One grower said that they had 250 people express an interest through that scheme.  They contacted them all with details but only 100 responded.  Of those they were only able to secure 33 people over the summer months and that was to keep a “gang” of 17 in the field at any one time. Once the hospitality sector opened up again, they lost 10 on one day.  In addition, the work ethic/rate of this UK gang was in marked contrast to gangs made up of migrant labour.  During a 44 day period the UK gang only made the piece rate (i.e. harvested enough crop to get a piece rate that was higher than the minimum wage) on 4 days whereas the gangs that were made up of migrant labour exceeded the minimum wage threshold on every day.  The constant change of staff, the failure of some to turn up for work on a regular basis and the need to retrain new staff meant that the UK “gang” also took significantly more management time to manage than their seasonal/migrant colleagues.  The conclusion is that the productivity of the UK gang was lower than the other gangs and that as a result the business overall was less productive.


Whilst on the one hand the high unemployment expected due to the Covid 19 pandemic and the end of the Furlough scheme does create a theoretical labour pool for growers none of them relish the thought of using UK based labour as their motivation, physical fitness and commitment is lower than they have experienced with migrant labour.  There are exceptions to this rule of course but the following quotes have been received from businesses during August 2021 which illustrates their concerns based on their experiences in 2021: -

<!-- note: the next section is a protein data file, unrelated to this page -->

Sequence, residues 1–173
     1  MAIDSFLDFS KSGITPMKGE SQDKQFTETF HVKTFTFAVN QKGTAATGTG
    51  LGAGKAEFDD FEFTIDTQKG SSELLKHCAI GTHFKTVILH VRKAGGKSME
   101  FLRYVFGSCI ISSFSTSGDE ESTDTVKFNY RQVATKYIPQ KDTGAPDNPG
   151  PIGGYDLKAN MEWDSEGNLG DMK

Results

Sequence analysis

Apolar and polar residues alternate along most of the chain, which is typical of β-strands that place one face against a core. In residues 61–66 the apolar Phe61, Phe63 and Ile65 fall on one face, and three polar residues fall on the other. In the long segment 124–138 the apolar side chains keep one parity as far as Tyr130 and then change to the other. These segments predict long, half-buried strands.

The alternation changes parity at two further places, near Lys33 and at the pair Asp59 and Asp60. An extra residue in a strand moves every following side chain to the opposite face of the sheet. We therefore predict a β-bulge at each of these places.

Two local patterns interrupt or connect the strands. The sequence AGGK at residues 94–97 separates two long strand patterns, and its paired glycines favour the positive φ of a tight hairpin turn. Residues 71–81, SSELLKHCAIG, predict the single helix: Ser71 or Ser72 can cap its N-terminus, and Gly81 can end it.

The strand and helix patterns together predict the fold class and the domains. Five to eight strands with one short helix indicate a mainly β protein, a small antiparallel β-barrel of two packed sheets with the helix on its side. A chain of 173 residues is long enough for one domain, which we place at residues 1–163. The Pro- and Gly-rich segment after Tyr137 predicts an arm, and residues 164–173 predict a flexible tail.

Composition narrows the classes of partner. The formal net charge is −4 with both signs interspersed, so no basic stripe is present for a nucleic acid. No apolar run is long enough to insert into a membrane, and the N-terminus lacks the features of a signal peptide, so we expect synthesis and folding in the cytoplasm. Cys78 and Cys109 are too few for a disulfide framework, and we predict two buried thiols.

The industry in Cornwall and across the UK is still very concerned that the seasonal/migrant labour issue is being caught up in Government discussions relating to immigration when it should be treated separately in their view as an economic issue.  DEFRA is fully aware of industry concerns and direct discussions have been had with George Eustice MP who is supportive of their concerns.  However, it appears, from the outside at least, that DEFRA’s voice is being crowded out by the Home Office, DWP and the Treasury.  The industry in Cornwall is very concerned about the future and they are keen to reiterate that it will take time to reduce the reliance on migrant/seasonal workers.  They are also very keen to point out the following key points: -



Governments current immigration policy focusses primarily skills (i.e. qualifications) and key workers but field operatives are not considered for visa’s as they are not an exceptional case, a key worker or possess the sufficient skill levels to justify the minimum salary thresholds. As the roles on offer are seasonal it is not possible to pay the minimum salary rate and as field operatives are often paid on a “piece rate[2]” basis the actual wage paid varies significantly. The industry also suspects that with unemployment rising DWP will not be keen on allowing migrant labour to fill roles that can (in theory at least) be filled by UK residents.